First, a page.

LV= Calls For New Driving Test, With EV Vehicle Skills Assessment

New research from LV= General Insurance (LV=GI), the first insurer to launch an insurance product in the UK specifically designed for electric cars, has found that three quarters (77%) of drivers think the UK driving test should be adapted for electric cars.

Recently the Government announced plans to bring the ban on selling petrol, diesel and hybrid cars forward from 2040 to 2035. However, many more electric cars will be hitting the roads much sooner. LV=GI is calling for the UK driving test – theory and practical – to be adapted so prospective drivers are prepared and feel comfortable driving an electric car as soon as they hit the road.

Overhauling the UK driving test

There are currently an estimated 195,000 electric cars in the UK and many (84%) of those driving these vehicles have taken measures to learn more about them so they feel safe to drive one.

The top five differences electric car drivers notice when changing from an ICE to an electric car:
  1. Getting used to the driving range (49%)
  2. Noise difference (46%)
  3. Getting used to a fully automated vehicle (41%)
  4. Difference in acceleration (41%)
  5. Difference in braking speed (28%)

Tom Clarke, Head of Electric Vehicle Strategy at LV=GI comments: “As the UK moves towards becoming net-zero, UK drivers need to have a greater understanding of electric cars in order to have the confidence to make the switch. The fact that nearly two-thirds (72%) of electric car drivers say taking their driving test in an electric car would have been a benefit to them highlights the reality that the driving test in its current form is no longer relevant for the new wave of ‘green’ drivers.”

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Insurance Edge Comment

It does feel different driving some electric cars, although for many the main difference is simply driving an automatic, rather than using a clutch and gearshift lever. Acceleration is slightly faster than the average hatchback to 40mph, but there is no difference in braking technique, or the physics that underpin stopping a vehicle from a given speed. It can feel different in some lightweight electric city cars, but you still press a pedal to stop.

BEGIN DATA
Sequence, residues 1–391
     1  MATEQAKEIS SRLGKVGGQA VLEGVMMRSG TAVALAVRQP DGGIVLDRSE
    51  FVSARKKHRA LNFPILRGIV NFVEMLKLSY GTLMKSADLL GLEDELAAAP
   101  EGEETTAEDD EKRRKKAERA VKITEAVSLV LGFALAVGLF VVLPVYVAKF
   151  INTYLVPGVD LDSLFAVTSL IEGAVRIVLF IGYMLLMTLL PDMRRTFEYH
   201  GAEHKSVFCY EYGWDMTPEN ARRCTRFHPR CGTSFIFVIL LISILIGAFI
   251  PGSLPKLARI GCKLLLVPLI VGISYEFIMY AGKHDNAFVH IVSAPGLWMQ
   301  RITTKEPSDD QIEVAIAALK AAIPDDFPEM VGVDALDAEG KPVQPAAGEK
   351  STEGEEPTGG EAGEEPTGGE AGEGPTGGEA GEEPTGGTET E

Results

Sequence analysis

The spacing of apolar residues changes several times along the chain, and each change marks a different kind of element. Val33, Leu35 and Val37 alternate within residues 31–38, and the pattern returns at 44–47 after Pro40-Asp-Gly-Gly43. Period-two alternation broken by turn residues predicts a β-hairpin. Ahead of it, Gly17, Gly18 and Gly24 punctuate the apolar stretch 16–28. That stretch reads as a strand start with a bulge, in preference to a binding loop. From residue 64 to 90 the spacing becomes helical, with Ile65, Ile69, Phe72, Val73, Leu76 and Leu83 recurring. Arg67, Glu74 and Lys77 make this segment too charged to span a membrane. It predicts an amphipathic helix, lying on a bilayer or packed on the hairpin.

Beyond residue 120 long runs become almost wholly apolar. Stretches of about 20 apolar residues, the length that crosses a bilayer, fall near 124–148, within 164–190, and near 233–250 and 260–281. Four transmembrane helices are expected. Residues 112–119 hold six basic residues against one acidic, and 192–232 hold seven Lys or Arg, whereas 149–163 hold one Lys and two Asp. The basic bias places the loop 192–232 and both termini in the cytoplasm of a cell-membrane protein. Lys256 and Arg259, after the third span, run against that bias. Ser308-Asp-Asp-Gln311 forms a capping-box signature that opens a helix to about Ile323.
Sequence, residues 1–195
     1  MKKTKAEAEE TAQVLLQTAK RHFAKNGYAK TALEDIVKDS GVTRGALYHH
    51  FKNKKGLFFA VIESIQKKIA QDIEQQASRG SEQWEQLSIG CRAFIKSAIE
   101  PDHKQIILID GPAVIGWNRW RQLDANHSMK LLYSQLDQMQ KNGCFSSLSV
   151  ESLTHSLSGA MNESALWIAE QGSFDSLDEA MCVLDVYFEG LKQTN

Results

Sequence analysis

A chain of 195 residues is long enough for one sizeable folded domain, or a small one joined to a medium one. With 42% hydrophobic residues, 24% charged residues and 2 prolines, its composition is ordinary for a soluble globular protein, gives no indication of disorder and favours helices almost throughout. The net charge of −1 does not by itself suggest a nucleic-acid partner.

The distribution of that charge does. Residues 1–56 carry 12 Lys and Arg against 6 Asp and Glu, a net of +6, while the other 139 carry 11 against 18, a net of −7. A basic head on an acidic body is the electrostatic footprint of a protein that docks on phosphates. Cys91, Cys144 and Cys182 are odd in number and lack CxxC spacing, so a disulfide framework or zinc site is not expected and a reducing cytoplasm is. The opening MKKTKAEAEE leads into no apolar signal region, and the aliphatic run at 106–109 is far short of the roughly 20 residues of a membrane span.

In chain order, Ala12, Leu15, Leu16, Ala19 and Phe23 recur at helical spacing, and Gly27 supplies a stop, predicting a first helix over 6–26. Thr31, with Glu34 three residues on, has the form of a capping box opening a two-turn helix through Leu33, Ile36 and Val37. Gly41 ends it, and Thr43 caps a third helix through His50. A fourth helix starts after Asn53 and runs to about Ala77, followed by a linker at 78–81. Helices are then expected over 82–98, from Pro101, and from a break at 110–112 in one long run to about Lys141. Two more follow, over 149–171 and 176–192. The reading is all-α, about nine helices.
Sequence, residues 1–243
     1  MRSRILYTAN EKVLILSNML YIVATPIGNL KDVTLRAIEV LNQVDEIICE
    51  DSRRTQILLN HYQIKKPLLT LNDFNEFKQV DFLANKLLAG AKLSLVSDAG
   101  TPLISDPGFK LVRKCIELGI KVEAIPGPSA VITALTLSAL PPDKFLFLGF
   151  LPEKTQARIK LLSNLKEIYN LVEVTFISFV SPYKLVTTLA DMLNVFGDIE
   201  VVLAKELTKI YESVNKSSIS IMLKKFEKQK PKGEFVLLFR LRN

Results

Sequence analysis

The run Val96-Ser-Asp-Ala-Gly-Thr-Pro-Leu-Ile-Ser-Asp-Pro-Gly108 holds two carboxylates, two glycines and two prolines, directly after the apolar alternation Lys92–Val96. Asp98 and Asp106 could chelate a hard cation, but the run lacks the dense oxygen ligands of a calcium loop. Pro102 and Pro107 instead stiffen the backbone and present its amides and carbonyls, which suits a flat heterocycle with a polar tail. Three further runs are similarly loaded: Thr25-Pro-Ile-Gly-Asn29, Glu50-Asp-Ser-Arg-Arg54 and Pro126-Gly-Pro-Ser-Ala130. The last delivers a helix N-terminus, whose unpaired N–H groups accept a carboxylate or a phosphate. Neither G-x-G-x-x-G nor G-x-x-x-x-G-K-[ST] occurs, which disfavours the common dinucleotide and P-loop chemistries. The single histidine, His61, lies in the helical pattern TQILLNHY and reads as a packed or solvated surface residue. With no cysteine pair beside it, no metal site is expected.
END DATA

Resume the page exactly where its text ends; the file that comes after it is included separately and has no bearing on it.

Considering most electric vehicles have a huge dial on the dashboard which shows the percentage of charge – much bigger than a typical fuel gauge – it seems odd that anyone thinks that range anxiety should be part of a driving test.

LV= are right to state the existing drivng test needs updating however and changes are coming in April, which add a video clip element to the theory test. Testing real world scenarios in front of candidates is a good thing, but perhaps the best solution long term could be a graduated system, similar to motorcycles, where those who can only cope with an automatic electric car, with built-in collision avoidance, LIDAR, automated speed limit cruise control etc are restriced to those low power, low speed, vehicles. So you would have a Category E for electric, automated cars, restricted to 90mph.

Those capable of driving more complicated stuff can undergo a more in-depth test, which just like the motorcycle test regime, will cost over £1000 to accomplish, with off-highway tuition being part of the initial assessment.

About alastair walker 10562 Articles
20 years experience as a journalist and magazine editor. I'm your contact for press releases, events, news and commercial opportunities at Insurance-Edge.Net

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